Pile by the Bed reviews another post-apocalyptic tale – Radio Life by political scientist and crime author Derek B Miller.
Pile by the Bed reviews and recommends Open Water, the assured debut novel by British author Caleb Azuma Nelson.
Pile by the Bed review’s The Arrest by American stylist Jonathan Lethem a post-apocalyptic novel that also takes on the post-apocalyptic genre .
Pile by the Bed reviews Memorial, the debut novel by Bryan Washington – a story of lost family, found family, acceptance and love.
Pile by the Bed reviews The Beach Caves by Trevor Shearston which takes readers back to the 1970s with a focus on the heightened emotions of a team of archaeologists and their students and the consequences .of their actions.
Pile by the Bed reviews Dead Letters, the new crime novel from Australian journalist Michael Brissenden involving gangs, money laundering and corruption and follow up to his domestic terrorism debut The List.
Pile by The Bed reviews Loraine Peck’s debut The Second Son, a crime story set in Sydney’s suburban underworld
Pile by the Bed reviews The Devils You Know the new ex-special forces lone-gun hero thriller from New Zealand author Ben Sanders
Pile by the Bed reviews Shelter the new rural thriller from multiple award winning Australian author Catherine Jinks
Pile by the Bed reviews the new psychological thriller by JP Pomare – Tell Me Lies which has made the jump from audiobook into print.
Pile by the Bed reviews The System by Ryan Gattis, a forensic and effective look at the United States justice system set in the early 1990s.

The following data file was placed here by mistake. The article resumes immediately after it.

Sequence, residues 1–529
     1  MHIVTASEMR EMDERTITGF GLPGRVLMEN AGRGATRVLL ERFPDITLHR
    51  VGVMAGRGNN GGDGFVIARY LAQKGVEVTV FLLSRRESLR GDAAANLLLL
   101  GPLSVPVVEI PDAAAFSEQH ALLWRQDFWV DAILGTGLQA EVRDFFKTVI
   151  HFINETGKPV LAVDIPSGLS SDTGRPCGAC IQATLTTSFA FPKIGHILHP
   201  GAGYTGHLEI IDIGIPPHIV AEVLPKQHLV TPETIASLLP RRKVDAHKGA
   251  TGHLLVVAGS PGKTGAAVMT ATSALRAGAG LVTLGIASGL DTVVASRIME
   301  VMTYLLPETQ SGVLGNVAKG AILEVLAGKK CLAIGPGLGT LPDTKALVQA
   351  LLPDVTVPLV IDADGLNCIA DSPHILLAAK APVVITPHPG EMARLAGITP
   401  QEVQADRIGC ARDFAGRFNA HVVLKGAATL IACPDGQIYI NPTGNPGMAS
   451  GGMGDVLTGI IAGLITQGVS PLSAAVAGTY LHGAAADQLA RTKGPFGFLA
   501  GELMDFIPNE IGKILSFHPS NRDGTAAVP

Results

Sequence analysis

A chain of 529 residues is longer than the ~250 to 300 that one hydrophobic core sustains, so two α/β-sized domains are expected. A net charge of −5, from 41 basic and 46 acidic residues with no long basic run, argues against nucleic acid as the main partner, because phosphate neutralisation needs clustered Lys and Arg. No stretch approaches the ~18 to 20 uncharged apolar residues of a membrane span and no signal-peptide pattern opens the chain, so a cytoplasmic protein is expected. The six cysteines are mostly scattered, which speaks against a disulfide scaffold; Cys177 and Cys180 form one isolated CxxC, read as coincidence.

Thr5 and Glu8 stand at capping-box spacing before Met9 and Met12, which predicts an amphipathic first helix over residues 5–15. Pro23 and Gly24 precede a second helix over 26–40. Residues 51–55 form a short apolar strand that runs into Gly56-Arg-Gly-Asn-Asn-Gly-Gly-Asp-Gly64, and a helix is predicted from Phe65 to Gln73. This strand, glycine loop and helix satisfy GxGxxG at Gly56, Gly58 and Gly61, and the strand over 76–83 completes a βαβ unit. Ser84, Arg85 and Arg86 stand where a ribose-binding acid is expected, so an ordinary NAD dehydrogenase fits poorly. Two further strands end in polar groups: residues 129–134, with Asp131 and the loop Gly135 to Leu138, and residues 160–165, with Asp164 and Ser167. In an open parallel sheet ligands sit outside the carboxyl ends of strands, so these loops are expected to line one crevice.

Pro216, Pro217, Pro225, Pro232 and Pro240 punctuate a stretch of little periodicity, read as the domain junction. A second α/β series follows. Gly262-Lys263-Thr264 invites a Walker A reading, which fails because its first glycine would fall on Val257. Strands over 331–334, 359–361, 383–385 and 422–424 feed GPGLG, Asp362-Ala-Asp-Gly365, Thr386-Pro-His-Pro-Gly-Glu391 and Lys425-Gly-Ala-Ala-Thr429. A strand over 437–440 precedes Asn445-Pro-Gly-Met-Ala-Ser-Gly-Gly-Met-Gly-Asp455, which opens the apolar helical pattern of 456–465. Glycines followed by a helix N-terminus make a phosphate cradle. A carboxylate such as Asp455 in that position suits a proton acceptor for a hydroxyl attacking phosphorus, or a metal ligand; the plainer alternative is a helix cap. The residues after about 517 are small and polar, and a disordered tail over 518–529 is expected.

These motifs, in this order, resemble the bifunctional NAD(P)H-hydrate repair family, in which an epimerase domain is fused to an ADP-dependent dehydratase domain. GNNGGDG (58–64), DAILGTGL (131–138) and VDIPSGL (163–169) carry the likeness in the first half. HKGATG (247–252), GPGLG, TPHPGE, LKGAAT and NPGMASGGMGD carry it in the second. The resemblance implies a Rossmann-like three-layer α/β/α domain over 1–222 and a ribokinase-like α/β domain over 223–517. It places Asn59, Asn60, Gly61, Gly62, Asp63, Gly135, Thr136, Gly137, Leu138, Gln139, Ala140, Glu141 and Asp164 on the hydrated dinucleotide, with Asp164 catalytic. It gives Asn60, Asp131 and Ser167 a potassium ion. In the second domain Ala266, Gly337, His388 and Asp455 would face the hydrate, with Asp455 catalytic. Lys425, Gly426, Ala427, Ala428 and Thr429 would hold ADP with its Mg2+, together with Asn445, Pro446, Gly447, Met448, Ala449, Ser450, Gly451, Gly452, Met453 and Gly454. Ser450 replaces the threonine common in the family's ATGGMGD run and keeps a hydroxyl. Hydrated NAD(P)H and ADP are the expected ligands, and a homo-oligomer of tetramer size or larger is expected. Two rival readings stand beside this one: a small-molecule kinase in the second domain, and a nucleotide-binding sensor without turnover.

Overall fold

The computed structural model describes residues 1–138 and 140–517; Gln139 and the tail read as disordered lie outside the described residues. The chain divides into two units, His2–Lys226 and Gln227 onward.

Allie Reynolds debut novel Shiver is an isolation thriller which, on that description makes it sound perfect for these Covid times. Set in a mainly deserted glacier-top ski resort before the start of the season it also draws heavily on Reynold’s own past as a freestyle snowboarder to flesh out its group of characters and their sketchy pasts. Milla is a former competitive snowboarder. Ten years have passed since a tragedy-filled season that changed her life. So much time has passed that Milla feels comfortable attending a kind of reunion with four of her fellow boarders from that time. She feels a thrill of nostalgia as she once again sees Brett, Dale, Heather and Curtis. But right from the start, as they board the bubble cable cars that will take them to the summit hotel, things feel a little off. And it is not long before things start to go wrong. They find the hotel completely empty of staff, their phones disappear and then during an “icebreaker” game mysterious accusations about their time ten years before emerge. All of this goes back to the event that they have come to commemorate – the disappearance of Curtis’s sister, and Milla’s main…
Pile by the Bed reviews and recommends the new translation of the ancient English epic poem Beowulf by Maria Dahvana Headley.
Pile by the Bed reviews Olga by Bernhard Schlink, a novel which explores Germany in the Twentieth Century through the eyes of one woman.
Pile by the Bed Reviews Clair Whitfield’s debut crime novel People of Abandoned Character, a Jack the Ripper-adjacent novel centred around an abusive relationship.
Pile by the Bed reviews and recommends The Stranger Times a new comic urban fantasy set in Manchester by CK McDonnell
A pre-apocalypse, the labyrinth, an Australian drought, the US gold rush from a new perspective and an ode to our relationship with trees form Pile by the Bed’s Top 5 reads for 2020, together with six just as interesting and engaging honourable mentions.
Pile by the Bed’s top 5 crime fiction novels for 2020 and 6 equally worthy honourable mentions. So overall a top 11 for the year.
Pile by the Bed reviews Hideout, the third book in Jack Heath’s Timothy Blake series. Another strong entry in this dark crime series.
Pile By the Bed’s top 5 science fiction books for 2020 and 5 honourable mentions (so actually a top 10).